By Marc Sellouk, Founder and CEO of Flewber
Economic downturns, like many things in life, usually happen in two phases. The first phase is best visualized by the slow crawl of ivy onto the back of the fence that surrounds your yard. The indicators of future troubles are there, but only sometimes visible to the eye, and as such, the long-term effect is too often overlooked. This can, and often does, continue on for years until one day, you find yourself in the second phase, where seemingly all at once, your fence is covered with invasive vines, as are many of the trees and plants in your garden. The key to continued growth of your business is not letting the angst blind you to the opportunities that may exist once you’ve entered the “all at once” phase of an economic downturn.
Not long ago, our country was in the midst of a booming economy, with the occasional warning light. Until all at once the catalyst, a virus that no one saw coming, triggered a massive recession. The 1957 flu epidemic killed more than 80,000 Americans and launched the beginning of the 8-month long Eisenhower recession. It was also in 1957 that Jay Pritzker bought the Hyatt House motel near Los Angeles airport – all on the thought that business executives would one day flock to hotels that were conveniently located near airports. As fate would have it, December 20, 1957, was also the first flight of N708PA. The Boeing 707, that would later be delivered to Pan Am, took to the skies that day for a 7-minute flight and the 707 family went on to rule them for decades.
Obviously, most of us don’t have the means of the Pritzkers or Boeing Corporation but as entrepreneurs and executives, we should all be driven to succeed and grow our businesses in both good times and bad which brings me to my first rule for growth in a slowing economy:
Invest In Marketing
Necessity is the mother of invention. Maybe you recently shelved a marketing plan or put off a product improvement or service augmentation. Now is the exact time where you should be taking those plans out of mothballs and pushing yourself out more aggressively into the market. During a lethargic economy, most of your competition is going to contract spending on marketing and product development. The companies that do the opposite always stand a better chance of coming out of the downturn stronger.
Maximize Value For The Customer
Maximizing customer value should be a key tenet of every business but it’s of critical importance during a poor economy. Too often, companies singularly focus on price as the only way of maximizing value. The truth is that customers find value in many areas other than price alone. They find it in the buying process, the customer service experience, and the overall prioritization of quality of service and product expertise. Even in bad times, your focus should always be on not just sustaining but continuing growth of a positive brand perception and experience.
Prioritize Partnerships Where Possible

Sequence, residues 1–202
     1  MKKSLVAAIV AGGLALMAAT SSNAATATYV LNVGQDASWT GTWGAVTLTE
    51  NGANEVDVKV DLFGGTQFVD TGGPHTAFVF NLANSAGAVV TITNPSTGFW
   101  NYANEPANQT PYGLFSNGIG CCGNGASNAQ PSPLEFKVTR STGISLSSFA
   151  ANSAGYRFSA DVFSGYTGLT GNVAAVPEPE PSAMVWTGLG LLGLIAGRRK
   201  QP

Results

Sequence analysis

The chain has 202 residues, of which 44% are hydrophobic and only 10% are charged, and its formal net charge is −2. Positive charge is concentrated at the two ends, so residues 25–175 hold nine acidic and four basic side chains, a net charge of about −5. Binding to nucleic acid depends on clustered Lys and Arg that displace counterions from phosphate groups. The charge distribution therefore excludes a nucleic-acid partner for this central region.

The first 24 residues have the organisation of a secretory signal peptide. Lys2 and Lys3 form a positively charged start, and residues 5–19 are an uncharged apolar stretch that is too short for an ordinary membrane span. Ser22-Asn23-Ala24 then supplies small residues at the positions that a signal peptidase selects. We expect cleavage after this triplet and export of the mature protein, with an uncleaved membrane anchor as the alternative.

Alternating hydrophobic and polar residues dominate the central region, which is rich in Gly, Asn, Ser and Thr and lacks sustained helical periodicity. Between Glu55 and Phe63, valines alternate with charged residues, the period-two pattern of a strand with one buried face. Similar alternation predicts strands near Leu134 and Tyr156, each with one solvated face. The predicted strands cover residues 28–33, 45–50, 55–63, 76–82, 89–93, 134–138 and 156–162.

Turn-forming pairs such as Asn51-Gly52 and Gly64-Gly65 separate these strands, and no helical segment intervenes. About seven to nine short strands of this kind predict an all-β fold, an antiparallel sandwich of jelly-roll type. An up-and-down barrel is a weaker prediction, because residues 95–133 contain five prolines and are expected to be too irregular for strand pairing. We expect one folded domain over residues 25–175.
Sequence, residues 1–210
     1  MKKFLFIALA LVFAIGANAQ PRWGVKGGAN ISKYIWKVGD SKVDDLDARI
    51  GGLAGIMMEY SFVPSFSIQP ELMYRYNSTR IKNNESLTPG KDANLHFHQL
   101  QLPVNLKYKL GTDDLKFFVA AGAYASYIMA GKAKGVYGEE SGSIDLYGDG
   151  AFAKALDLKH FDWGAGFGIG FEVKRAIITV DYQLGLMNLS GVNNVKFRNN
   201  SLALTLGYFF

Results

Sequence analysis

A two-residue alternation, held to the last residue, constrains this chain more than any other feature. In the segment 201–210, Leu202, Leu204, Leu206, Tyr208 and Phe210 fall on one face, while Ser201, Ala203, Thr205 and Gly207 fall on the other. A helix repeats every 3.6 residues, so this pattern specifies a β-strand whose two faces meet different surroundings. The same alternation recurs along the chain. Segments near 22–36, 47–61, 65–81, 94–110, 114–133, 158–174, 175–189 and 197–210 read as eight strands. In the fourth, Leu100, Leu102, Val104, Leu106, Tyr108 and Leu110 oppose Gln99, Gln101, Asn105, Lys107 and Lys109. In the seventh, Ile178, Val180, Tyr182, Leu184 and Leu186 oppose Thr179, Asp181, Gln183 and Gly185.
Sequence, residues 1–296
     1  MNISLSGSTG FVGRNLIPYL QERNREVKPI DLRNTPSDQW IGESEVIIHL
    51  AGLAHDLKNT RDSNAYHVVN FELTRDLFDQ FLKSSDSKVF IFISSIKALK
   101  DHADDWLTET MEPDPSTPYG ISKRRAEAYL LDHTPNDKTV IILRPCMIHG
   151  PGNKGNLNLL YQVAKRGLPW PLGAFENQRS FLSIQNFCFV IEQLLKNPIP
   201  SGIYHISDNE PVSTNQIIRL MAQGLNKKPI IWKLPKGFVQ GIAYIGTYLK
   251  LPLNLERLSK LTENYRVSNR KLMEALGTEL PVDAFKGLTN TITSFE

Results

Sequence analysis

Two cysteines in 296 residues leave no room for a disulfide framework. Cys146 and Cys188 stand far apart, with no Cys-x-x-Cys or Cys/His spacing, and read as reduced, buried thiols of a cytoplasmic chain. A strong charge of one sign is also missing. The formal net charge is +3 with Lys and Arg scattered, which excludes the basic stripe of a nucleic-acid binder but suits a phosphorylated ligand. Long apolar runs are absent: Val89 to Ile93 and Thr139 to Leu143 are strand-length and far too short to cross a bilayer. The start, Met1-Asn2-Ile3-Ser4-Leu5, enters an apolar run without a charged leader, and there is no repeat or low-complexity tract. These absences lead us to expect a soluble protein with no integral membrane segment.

The world of business never ceases to move at breakneck speeds, even during an economic slowdown. As a matter of fact, I’d put forth that the ability to be agile and fast carries even more importance during these times. As such, strategic partnerships should always be at the forefront of your planning. Yes, we all start out with visions of organic growth leading to mergers, acquisitions and being the next big thing in our market. But we live in a world where there are so many choices, giving buyers so many options; a world where new ideas don’t stay new for long. The right alliance not only may save time and money, but it can also set you on a path to quicker sustained growth than you may have imagined.
Always Be Mindful Of The Mood Of Your Team
As you started your business, you hired individuals that would make up a team. The people that we hire may not be the most expensive assets on our balance sheets, but they are indeed our most valuable. During times of economic insecurity, it’s only understandable that your team can develop a constant sense of waiting for the ax to fall. This steady drum beat of uncertainty can lead to lost productivity and creativity at the exact time where you can’t afford to have either wane. This is the time where it’s up to you to reassure your core team that you will stand by them, and they will in turn stand by you.
Be Driven By The Challenge
Most people only see the perceived rewards of the corner office. What many don’t realize is that many executives lead a solitary existence of first one in and last one out. Often, it’s during that time of solitude where we do our best work and most creative thinking, but it can also be where we stress the path forward. For those times, embrace the challenges ahead by both reflecting on how you got to be the success that you are and also on companies like GM, Burger King, FedEx and Airbnb. Each of them started conducting business during a recession. Look where they are now and how many economic downturns they’ve come out of. It’s never easy but if you can let yourself be driven by the challenge, your company can come out stronger too.
The views and opinions expressed herein are the views and opinions of the author and do not necessarily reflect those of Nasdaq, Inc.